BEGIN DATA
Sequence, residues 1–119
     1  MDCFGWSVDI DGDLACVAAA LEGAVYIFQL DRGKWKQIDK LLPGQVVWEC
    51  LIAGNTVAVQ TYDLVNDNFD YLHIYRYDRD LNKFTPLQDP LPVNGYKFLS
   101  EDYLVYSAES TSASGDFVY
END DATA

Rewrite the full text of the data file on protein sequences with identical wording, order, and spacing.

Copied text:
Sequence, residues 1–119
     1  MDCFGWSVDI DGDLACVAAA LEGAVYIFQL DRGKWKQIDK LLPGQVVWEC
    51  LIAGNTVAVQ TYDLVNDNFD YLHIYRYDRD LNKFTPLQDP LPVNGYKFLS
   101  EDYLVYSAES TSASGDFVY